I read a review of this book and was fascinated with the historical time — the Great Depression and the point of view, that of a young girl, based on the author’s mother.
Six year old Katie Ryan lives in a small, third-floor, unheated flat in Swampoodle, Philadelphia, along with her parents, grandparents, brothers and sisters. Her Nana, who gives Katie her constant companion – a cloth doll named Molly – has consumption and the doctor says she needs to be in a warm, dry climate to recover. This sets her mother on a path to have them leave Pennsylvania for California. But how to do that? The train tickets are expensive and Mr. McGuire, the grandfather, and her father earn barely enough to keep them alive.
Growing problems with her oldest brother, anti-Irish discrimination and the need to support the family finally drives the family to a train trip west in search of a better life. But before they reach California, they are diverted to Colorado with the hope of well-paying jobs for Katie’s father and grandfather.
The family’s fortune improves and they move into a house. Which brings me to boxty. Boxty are delicious Irish potato pancakes. I’ve had them and they are a family favorite in the Ryan family home in the 1930s. To Katie, they come to represent the warmth, safety and security of family.
After her grandparents die and her father spirals into alcoholism, a further twist of fate leaves Katie to assume the role of mother for her three youngest brothers. In the end, Katie must overcome the toughest of circumstances to escape from a sinister orphanage where she and her youngest brothers have been dumped, in order to secure a safe life for them all.
I can’t say enough about this book. I fell in love with Katie – her matter-of-fact view of life, her bravery, and her determination to hold her family together in the face of continuing tragedy. She hardly has a childhood and the events that buffet her are heartbreaking. All of the characters in the book are extremely well drawn – I still harbor a hatred for her father – and desperate choices her mother and father have to make are hopeful as well as destructive. The book speaks sadly to wearying, unending rounds of childbearing in a time without birth control and the treatment of children in orphanages in those days. And yet there are small slices of humor scattered here and there with the antics of the children. The reader is left with a nice dose of hope at the end.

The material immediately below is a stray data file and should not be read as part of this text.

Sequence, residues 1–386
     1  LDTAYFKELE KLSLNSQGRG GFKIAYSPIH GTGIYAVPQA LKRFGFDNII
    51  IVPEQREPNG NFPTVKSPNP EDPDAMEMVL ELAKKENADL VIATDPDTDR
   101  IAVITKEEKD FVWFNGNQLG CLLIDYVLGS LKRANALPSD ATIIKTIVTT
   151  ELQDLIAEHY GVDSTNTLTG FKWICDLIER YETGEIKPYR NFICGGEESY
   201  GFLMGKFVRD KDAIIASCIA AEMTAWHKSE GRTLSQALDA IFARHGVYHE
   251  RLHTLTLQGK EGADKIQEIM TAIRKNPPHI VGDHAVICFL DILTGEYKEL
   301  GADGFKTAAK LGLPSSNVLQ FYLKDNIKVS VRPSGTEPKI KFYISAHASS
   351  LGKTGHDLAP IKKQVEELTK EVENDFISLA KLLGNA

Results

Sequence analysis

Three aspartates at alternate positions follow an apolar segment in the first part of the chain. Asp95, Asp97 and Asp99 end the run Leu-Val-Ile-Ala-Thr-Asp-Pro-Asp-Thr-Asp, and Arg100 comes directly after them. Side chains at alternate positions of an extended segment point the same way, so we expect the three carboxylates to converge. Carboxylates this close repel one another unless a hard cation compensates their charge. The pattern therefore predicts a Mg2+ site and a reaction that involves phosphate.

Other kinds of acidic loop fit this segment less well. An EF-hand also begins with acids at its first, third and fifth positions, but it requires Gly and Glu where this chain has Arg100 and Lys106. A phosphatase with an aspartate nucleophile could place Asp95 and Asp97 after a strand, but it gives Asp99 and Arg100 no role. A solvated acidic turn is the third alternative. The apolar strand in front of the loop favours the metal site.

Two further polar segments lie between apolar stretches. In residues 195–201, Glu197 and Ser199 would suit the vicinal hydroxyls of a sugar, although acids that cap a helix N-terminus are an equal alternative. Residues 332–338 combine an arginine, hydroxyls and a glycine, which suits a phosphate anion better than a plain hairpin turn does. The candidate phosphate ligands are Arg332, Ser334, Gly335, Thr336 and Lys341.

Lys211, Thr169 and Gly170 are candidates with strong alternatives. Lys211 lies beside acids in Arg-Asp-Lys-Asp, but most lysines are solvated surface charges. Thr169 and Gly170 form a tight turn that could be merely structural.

I recommend this book highly. It is a gripping read, one the reader is unlikely to put down, and a realistic view of desperate times in this county and their singular effect on a generation of immigrants.
About the author:
Golden Boxty in the Frypan was inspired by Dr. Pat Spenser’s mother’s coming-of-age experiences during the 1930s. She is a retired professor and community college president, who has lived in three countries and seven states. Pat loves to travel and spent time in Africa, Spain, France, Croatia, New Zealand, Australia, Italy, Greece, Mexico, the Galapagos, and the Bahamas, as well as Alaska and the Hawaiian Islands and has road-tripped across the continental United States several times. She enjoys getting to know people and learning about their culture.
Pat’s short story, A Healing Place, won the 2019 Oceanside Literary Festival. Other short stories are published in journals such as the Literary Yard, Scarlet Leaf Review, and Potato Soup Journal, Almost an Author, and in a California Writers Circle anthology.
She speaks to service and community organizations on human trafficking, writing processes, and her books. When not writing, Pat golfs, reads, walks the beach, hangs out with family and friends, or frequents book clubs and writing critique groups. She now lives in Southern California with her husband.
You can visit Pat Spencer online at: